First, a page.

When she came back to the US and began her studies at law school, she became deeply involved in issues that women were dealing with in the US. She focused on assisting women domestically by advocating for legislation or litigating to give women equal rights at work, protect victims of domestic violence, and achieve family and medical leave.  This work led her to become more interested in international human rights law and how it could be used to help women win equal rights in all countries. 

In the early 90s, the conversation about human rights started focusing more on women's rights, and Professor Ross felt that developing and teaching courses on international human rights law was timely and important. These classes touched on the specific issues that women deal with around the world, and she hoped that discussing these issues with her students would add to their knowledge about international and regional human rights treaties and would spark their interest in a topic that was not commonly focused on in most law schools. 

In 1998, Professor Ross established the International Women's Human Rights Clinic at Georgetown Law.  Through the Clinic, she and the Clinic’s Supervising Attorney and Teaching Fellow and their students have advocated for women's rights to equality and non-discrimination in the areas of marriage, divorce, and family; fought for equal rights to property and inheritance for marginalized rural women; defended women's and girls' rights to be free from gender-based violence and sexual abuse; and many other rights.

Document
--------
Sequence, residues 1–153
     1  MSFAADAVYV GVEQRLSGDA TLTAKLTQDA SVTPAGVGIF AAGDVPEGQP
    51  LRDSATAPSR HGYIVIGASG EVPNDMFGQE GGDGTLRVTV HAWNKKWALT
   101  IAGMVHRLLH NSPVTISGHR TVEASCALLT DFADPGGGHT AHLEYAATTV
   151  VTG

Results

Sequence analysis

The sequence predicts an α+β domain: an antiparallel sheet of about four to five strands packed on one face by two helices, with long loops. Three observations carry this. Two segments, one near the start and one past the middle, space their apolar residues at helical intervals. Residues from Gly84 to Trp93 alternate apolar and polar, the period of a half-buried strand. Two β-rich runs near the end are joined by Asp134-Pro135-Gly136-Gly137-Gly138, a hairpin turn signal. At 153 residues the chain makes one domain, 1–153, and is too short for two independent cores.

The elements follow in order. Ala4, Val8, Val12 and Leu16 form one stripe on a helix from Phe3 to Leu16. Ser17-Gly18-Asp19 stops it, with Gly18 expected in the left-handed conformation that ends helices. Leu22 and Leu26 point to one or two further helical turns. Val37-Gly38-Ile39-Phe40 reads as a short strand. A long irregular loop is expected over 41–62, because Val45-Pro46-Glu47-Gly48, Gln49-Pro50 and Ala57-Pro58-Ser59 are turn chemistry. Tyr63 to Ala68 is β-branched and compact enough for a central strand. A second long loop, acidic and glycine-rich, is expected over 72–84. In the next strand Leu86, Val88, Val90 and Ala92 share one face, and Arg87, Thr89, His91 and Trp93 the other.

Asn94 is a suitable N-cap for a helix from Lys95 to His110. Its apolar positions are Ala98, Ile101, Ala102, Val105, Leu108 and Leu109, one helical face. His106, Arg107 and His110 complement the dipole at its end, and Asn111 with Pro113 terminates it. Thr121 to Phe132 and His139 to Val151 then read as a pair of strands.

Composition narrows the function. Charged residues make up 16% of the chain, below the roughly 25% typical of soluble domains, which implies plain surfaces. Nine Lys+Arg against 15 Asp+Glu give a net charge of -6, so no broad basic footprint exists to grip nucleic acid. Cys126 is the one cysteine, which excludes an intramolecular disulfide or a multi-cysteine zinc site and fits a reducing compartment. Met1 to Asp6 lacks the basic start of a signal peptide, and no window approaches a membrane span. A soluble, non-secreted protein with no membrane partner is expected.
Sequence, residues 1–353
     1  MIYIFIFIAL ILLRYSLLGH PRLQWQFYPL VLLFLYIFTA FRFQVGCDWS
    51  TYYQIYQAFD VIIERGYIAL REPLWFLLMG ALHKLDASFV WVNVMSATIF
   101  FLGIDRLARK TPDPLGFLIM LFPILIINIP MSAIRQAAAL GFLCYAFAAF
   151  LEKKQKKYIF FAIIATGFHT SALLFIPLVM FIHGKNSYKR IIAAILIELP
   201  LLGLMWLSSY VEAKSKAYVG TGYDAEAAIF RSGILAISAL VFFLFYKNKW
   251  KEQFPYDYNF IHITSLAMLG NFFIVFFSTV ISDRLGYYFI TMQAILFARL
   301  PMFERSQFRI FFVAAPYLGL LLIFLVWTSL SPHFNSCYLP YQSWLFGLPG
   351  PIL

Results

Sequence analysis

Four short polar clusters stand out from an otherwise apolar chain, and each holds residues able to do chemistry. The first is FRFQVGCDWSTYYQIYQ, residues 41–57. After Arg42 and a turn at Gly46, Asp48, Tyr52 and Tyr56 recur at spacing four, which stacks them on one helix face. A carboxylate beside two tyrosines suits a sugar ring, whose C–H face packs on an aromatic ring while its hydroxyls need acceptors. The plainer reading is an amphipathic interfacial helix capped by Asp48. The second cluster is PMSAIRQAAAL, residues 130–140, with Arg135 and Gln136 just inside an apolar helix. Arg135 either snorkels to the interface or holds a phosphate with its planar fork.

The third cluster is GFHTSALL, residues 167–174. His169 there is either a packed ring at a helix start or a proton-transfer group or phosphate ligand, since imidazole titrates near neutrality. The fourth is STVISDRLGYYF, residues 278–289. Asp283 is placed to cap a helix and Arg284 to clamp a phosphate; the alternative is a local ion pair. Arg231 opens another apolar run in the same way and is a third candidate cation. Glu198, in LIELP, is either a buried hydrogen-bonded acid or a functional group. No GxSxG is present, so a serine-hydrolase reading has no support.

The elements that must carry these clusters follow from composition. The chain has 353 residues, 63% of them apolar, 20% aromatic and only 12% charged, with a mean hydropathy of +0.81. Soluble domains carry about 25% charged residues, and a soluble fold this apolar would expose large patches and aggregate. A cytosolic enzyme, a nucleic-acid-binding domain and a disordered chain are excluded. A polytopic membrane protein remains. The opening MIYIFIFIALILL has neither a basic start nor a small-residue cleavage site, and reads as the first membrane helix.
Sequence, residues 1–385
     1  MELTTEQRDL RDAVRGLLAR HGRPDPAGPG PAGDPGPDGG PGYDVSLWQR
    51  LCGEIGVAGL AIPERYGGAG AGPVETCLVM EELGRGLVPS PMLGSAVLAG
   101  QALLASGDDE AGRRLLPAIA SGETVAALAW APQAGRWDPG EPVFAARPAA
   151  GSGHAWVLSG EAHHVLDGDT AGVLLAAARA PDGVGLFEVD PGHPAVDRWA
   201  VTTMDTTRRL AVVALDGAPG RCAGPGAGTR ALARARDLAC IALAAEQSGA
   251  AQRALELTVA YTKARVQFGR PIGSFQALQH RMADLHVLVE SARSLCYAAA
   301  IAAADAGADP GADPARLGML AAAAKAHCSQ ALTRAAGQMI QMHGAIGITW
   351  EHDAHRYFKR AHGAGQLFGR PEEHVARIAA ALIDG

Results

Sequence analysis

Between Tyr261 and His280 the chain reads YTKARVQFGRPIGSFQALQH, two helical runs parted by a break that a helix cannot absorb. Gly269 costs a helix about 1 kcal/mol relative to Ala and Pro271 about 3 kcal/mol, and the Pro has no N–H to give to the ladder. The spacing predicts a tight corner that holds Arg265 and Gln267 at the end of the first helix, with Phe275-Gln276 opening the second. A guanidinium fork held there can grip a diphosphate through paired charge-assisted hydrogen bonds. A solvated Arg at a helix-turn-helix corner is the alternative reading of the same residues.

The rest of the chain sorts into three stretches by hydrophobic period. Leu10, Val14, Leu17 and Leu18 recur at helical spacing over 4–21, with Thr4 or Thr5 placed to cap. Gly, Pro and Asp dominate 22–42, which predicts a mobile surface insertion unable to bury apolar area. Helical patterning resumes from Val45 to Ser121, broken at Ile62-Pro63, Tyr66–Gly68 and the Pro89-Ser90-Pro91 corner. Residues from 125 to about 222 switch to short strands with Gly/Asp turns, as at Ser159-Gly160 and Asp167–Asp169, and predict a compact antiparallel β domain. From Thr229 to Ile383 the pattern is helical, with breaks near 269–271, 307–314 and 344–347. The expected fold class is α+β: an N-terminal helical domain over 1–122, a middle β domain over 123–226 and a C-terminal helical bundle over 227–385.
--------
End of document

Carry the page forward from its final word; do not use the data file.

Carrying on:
The Clinic and its human rights partners in other countries have been behind major strategic litigation.  They have won cases in domestic courts and before the U.N. Committee on the Elimination of Discrimination against Women.  Some abolished the marital power of husbands over their wives.  Others struck down laws that deny women equal rights to divorce and inheritance.  Another found a violation in laws that made unwed mothers solely responsible for their children, while giving their unwed partner “optional paternity” rights.  That is, unwed fathers were free to completely ignore their children, including any obligation to provide for them.  Still another freed married women from the adultery crime that applied only to them and not to the married men who committed the same act.


The Clinic and its partners also won legislative victories.   The new statutes gave women equal rights in employment and protection against human trafficking, domestic violence, and female genital mutilation.  In all its work, the Clinic always uses ratified international and regional human rights treaties as one basis for its arguments.   It works closely with domestic human rights partners which are equally committed to the goal of domestic change in the constitutions or statutes of their countries, in order to comply with the country’s treaty obligations and protect human rights for everyone, but especially women.  Women need special attention because they are so frequently negatively affected by laws that blatantly discriminate against them or fail to protect them from egregious forms of violence and discrimination.